The five act story structure

This entry is part 6 of 24 in the series The plot thickens (Mwahahaha)

Planning out a novel? Be sure to join my newsletter for a FREE plotting/revision roadmap, and check out the full series on plotting novels in a free PDF!

Almost a corollary to the three act story structure is the five act story structure. Its most notable proponent is Gustav Freytag (in Freytag’s Technique of the Drama).

The basic difference between three and five act structures is that the second act in the three act structure is divided into three acts in the five act structure. (Uh . . . what?) It’s like this: the confrontation phase of the story is divided into the rising action, turning point and falling action.

Basically, the middle turning point is where things turn around for the hero. It’s not the ultimate confrontation, but after this point, the hero is able to start applying some of the things he’s learned—to start succeeding. I guess that’s why they call it the “falling” action. Because . . . things are falling into place? (*cough*cough*dumb name*cough*)

I’m going to blame this on my middle school English teacher—but I think this structure is a little misleading. First of all, the “falling action” sounds an awful lot like the denouement—the events after the climax. In fact, that’s exactly how I learned the term. (I honestly can’t think of any reason to call the third quarter or so of the book the “falling action.” That sounds boring.)

Here’s how I was taught a five-act structure (please, don’t hate on me because of my mad Paint skills. You know you wish you had 8-bit graphics skillz.):
plot chart labeled
The line graph here is somewhat representative. In the exposition, the hero isn’t making a lot of progress toward his ultimate goal—the final confrontation with the antagonist.

Then comes the rising action—he’s started on the path toward the confrontation. The rising action leads to the climax.

After that final confrontation, we have a very short falling action—it’s not as long as the rising action, it’s just tying up the loose ends. And then there’s the resolution: the character’s final situation. Notice that this is much higher than the exposition, because the character has changed.

This might be a little misleading, too. Really, the rising action is anything but a straight line—we have all those intermediate story questions to answer. The hero has to learn and acquire new skills (like 8-bit graphic skillz, yo), and growing and learning and changing are usually painful and fraught with setbacks. So the rising action might really look like this:
plot chart alt

The three act structure would divide the acts at the end of the exposition and either at the climax or just before the resolution (depending on who you ask 🙂 ).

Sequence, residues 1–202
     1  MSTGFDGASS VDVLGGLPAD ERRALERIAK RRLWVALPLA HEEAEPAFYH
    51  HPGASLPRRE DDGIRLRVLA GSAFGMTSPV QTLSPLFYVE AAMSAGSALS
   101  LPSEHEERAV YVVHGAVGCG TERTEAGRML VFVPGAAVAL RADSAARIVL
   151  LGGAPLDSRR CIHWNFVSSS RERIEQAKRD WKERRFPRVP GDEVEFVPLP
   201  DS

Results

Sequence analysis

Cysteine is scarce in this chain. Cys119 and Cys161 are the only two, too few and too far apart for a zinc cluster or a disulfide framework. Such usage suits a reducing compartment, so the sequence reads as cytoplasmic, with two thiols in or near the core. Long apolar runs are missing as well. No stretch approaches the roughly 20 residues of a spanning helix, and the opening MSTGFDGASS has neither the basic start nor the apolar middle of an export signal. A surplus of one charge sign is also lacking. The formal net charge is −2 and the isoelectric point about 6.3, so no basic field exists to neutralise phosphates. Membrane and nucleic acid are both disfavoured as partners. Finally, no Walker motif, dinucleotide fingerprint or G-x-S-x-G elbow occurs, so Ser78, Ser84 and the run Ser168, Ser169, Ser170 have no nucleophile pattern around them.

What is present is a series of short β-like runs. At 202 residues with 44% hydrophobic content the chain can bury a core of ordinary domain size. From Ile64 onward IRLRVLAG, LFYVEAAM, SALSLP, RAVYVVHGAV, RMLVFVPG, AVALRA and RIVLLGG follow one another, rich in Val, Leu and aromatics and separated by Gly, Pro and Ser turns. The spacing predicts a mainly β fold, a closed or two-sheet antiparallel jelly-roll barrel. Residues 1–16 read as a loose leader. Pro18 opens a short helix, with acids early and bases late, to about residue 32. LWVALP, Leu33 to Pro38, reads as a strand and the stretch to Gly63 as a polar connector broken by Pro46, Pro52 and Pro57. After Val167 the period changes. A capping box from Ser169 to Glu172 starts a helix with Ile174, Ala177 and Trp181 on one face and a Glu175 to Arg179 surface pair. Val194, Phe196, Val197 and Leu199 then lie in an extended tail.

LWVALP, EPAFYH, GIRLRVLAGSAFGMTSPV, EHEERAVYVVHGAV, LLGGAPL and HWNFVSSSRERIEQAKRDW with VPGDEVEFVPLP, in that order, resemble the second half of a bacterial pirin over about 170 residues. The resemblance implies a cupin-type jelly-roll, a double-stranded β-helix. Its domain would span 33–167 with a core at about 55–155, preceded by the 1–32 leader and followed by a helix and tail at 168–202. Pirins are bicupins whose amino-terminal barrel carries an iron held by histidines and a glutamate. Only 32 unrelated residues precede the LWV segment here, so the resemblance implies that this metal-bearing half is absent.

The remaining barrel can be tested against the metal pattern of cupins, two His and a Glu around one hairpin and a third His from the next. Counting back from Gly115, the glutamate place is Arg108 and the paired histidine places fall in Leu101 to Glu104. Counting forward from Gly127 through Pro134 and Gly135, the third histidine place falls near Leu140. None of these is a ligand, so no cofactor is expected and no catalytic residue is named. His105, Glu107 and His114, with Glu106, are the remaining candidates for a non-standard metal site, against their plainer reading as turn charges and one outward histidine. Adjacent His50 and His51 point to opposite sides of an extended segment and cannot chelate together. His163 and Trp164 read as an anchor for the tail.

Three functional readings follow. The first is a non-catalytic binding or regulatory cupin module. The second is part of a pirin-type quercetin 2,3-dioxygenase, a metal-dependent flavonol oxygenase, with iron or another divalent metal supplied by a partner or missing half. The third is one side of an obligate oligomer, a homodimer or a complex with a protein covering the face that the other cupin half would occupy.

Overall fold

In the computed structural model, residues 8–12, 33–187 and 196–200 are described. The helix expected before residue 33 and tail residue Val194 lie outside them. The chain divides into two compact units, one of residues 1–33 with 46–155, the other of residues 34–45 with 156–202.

Planning out a novel? Be sure to join my newsletter for a FREE plotting/revision roadmap, and check out the full series on plotting novels in a free PDF!

What do you think? How would you apportion or draw the five acts in the five act structure? What is with the name “falling action,” and what would be a better name?

Series NavigationThe story questionPros and cons of the three act structure

2 thoughts on “The five act story structure”

  1. I think of it as three main plot points.
    First point, at the end of “exposition”, is when the hero makes a decision to confront his issues instead of avoiding them.
    The second point, which I think is this “climax” on your chart, is when the hero survives and ordeal and gains a small victory against the dark forces. However, this awakens the dark forces and he’s forced down another path. I think this is your falling action.
    The third point is the final climax when the hero confronts the dark forces for the last time and the “story question” is answered.

    So here’s my proposal for better naming:
    Exposition: “I’m out of money and the rent is due. Whatever am I going to do?”
    Rising Action: “The night guard is out sick. Let’s steal a bunch of crap from the corrupt MegaBuy and sell it on Ebay.”
    Climax: “This is not going well. There’s another guard and he’s a mean SOB. He sounded the alarm!”
    Falling Action: “Look at all our loot. We’re going to be rich. But first, run for your life!”
    Resolution: “We’re cornered. But the mean guard hates MegaBuy. We promise to return the loot and live to see another day. We now have jobs at MegaBuy. We can Ebay stuff without even leaving the store. The end.”


  2. Well, when we used the chart in high school, “climax” meant “climax”—the final confrontation. It’s not really the same as the midpoint from the the five-act structure. That’s why it’s almost at the end of the chart.

Comments are closed.